Apr 25 2016

“So…” answered the Millennial

Why Millennials and salespeople 

 

need to NOT  start every response 

 

with “So…” and then– to top it off

 

— fail to answer what’s asked. If

 

you’re in the job market, or a sales

 

presentation, it would be like not

 

 taking a shower for a few weeks!

PIG PEN

Q. Who is your very best friend?

A.  So… Jeremy and Charlie and Kim and Sheila are the people I see most often.

———————

Q. What was your Mother’s most important advice?

A.  So… my Mother always made me eat all my cereal.

———————

Q. When did you leave the house today?

A.  So… I never actually went home last night, y’know.

———————

Q. Where do you work?

A.  So… my company is in the city and yesterday I had to drive in.

———————

Q. Why did you do that?

A. So I think there are lots of ways people can respond.

———————

Q. How much money is in your pocket?

A.  So… my wallet is in the car.

Go ahead and ask a reasonable fact-fetching question of one of the 80 million people born between 1977 and 2000.  The odds are good that –no matter how specific your inquiry may be– the answer these days often starts out with “So…” and then proceeds to not give a direct answer.

So WhatDo these “So…” first-responders imply disinterest? Evasiveness? Insecurity? Incompetence? Un-socialability? Dumbness? Distrust? Early dementia? Lack of self-esteem? Poor listening skills? Disinterest? Societal disconnect? Snobbishness? Perhaps some. Perhaps all.

First of all, according to Jane Solomon’s post on DICTIONARY.com, “So” can be used as an adverb, a conjunction, a pronoun, an interjection, or an adjective. And the “spread” of it into popular use today as a sentence opener, especially among young people, is “probably due to the tech boom” and specifically, “programmers,” according to NPR’s Geoff Nunberg. The GRAMMARLY Blog suggests Facebook’s Mark Zuckerberg is partly to blame for “notoriously using So…’ to start sentences.”

It’s been suggested that “So…” is the new “Um…” or “Uh…” or “Er…” nervous hesitancy used to fill the verbal air while momentarily thinking about what to say prior to responding, but I am doubtful. “Um” and “Uh” and “Er” are simply sounds.

“So” is an actual word. It is a connecting word. It is not a question/ answer connecting word. It is a cause-and-effect connecting word, and is used to connect a thought, word, or action with a consequence.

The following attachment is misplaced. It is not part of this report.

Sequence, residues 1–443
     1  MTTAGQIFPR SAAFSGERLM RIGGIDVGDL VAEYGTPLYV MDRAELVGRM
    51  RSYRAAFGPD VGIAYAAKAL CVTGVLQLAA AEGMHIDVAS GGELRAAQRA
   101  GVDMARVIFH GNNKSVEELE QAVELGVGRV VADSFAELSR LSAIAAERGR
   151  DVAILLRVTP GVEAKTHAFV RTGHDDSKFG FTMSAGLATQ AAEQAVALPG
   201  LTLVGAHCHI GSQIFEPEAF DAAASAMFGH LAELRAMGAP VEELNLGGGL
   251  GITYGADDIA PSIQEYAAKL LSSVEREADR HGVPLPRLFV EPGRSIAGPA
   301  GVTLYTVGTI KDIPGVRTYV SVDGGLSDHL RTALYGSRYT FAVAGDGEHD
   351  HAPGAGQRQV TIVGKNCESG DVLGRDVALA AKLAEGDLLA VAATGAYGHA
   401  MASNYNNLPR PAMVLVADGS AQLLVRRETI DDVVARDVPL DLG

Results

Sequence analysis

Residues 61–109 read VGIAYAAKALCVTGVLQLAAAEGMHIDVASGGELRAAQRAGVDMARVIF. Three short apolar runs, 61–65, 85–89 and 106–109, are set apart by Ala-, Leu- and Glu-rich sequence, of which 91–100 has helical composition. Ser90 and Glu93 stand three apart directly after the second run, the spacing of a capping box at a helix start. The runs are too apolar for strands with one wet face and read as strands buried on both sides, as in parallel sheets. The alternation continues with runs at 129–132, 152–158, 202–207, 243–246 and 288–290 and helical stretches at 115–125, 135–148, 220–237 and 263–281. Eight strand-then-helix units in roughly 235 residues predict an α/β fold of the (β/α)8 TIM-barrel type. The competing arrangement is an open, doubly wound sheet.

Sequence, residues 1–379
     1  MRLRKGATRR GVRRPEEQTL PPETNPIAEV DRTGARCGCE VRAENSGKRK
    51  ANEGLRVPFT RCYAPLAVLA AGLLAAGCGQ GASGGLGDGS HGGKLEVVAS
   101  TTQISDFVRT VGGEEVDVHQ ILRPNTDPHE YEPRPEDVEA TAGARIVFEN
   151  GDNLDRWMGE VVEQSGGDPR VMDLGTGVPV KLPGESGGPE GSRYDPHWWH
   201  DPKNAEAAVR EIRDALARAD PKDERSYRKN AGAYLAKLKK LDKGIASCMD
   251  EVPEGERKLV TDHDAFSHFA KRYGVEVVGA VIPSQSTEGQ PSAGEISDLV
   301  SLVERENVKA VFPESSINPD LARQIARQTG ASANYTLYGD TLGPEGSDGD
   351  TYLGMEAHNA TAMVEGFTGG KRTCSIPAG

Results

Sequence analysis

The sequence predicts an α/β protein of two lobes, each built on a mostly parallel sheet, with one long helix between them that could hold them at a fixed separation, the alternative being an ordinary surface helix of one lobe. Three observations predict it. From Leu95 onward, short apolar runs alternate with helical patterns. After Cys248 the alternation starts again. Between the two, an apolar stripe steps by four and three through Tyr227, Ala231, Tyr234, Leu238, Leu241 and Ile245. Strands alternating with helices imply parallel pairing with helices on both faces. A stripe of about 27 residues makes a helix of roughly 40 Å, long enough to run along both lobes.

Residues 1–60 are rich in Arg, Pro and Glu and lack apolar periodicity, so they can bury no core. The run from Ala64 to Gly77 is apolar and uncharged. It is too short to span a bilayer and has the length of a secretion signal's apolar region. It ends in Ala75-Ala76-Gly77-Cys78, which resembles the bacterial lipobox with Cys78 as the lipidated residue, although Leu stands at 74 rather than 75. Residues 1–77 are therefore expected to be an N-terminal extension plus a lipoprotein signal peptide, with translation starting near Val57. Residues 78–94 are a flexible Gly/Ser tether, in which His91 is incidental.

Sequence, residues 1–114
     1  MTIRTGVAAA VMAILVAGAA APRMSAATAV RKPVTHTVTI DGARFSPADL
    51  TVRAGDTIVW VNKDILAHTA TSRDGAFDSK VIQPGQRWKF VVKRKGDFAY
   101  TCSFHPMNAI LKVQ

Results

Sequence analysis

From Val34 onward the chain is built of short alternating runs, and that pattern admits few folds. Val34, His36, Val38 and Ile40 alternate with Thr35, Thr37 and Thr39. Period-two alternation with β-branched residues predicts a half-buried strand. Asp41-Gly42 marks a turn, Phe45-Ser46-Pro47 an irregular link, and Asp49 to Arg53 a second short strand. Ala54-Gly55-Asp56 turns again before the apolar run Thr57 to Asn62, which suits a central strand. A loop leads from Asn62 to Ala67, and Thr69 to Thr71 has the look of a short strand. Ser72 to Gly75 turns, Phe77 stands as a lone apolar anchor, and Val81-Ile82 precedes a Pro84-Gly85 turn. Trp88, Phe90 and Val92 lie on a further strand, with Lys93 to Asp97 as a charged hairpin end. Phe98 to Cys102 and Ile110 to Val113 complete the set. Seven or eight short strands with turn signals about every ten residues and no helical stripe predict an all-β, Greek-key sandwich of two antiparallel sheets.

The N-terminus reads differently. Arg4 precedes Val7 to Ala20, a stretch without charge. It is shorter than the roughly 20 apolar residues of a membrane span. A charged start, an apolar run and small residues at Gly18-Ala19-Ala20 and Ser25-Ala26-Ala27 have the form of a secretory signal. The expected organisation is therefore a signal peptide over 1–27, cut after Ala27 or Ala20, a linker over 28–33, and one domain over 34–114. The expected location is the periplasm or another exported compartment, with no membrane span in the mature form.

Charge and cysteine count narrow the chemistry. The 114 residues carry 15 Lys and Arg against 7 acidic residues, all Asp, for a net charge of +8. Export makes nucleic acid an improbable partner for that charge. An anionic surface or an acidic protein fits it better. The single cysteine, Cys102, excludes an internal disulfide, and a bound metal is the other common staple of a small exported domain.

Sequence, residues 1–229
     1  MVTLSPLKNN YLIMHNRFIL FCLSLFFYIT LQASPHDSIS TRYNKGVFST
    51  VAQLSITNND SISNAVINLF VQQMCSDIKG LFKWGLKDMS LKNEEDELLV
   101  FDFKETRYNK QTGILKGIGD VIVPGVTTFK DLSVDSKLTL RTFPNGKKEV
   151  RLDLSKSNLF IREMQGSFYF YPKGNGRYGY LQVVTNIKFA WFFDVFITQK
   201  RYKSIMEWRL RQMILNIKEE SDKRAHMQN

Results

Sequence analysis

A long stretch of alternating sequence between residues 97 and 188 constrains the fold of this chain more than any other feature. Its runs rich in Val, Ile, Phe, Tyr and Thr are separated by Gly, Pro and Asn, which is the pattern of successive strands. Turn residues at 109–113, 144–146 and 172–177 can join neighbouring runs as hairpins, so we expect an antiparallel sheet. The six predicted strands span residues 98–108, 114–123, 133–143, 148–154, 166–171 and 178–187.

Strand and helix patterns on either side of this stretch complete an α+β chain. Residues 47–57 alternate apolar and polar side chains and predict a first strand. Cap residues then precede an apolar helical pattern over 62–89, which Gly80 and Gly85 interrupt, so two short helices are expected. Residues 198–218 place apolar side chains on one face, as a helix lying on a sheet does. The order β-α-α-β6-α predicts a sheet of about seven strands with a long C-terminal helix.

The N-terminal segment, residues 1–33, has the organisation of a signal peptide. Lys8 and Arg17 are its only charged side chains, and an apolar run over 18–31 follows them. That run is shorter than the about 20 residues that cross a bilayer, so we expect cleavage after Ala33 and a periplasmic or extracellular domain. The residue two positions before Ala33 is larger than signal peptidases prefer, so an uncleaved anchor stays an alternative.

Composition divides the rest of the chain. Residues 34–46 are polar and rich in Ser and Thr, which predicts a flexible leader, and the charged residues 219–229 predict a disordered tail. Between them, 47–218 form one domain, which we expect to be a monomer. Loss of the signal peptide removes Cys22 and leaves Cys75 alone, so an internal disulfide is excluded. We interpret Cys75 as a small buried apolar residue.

little girl hand to headA BBC host says that at the beginning of a (non-consequential) sentence, using the word “So” is an attempt “to try to sound important” and “intellectual.” A popular psychologist calls it a “weasel word” used to “avoid giving a straight answer.” Not a good practice for any business, and especially for small business, which is much more vulnerable to “beating around the bush” than corporate types who often seem to thrive on being indirect.

 

FAST COMPANY says “So…” at the beginning of an answer “Insults your audience… Undermines your credibility… and Demonstrates discomfort with the subject matter.”

 

Mark Mason in The SPECTATOR, says it’s due to “accommodation” because we try to be part of groups and often simply do and say things that others in the group do and say. It, he says, “spreads like the flu.” He cleverly ends his (“It’s SO Annoying”) post  on the subject with:

“As ye so, so shall ye reap”

 

So it’s contagious! Some top TV news analysts have begun integrating the (shall we call it) evasiveness into their summary statements. And it’s inching it’s way into the 40+ crowd. Personally, I have no problem with starting a sentence with “So…” unless it’s the beginning of a sentence that is answering a direct question.

Bad Interview

Bottom Line: If someone in a job interview or “sale size-up” meeting says, “So, tell me about your (or the product/service) background, you might consider it an endearing attempt to help you feel comfortable, but if you respond (or answer ANY direct question) by starting with “So…” your job (or sale) prospects may very well be doomed. It can easily be received in the same fashion as you folding your arms and staring at the door! Not giving a straight, direct answer can be taken as a mixed message.

# # #

hal@businessworks.US

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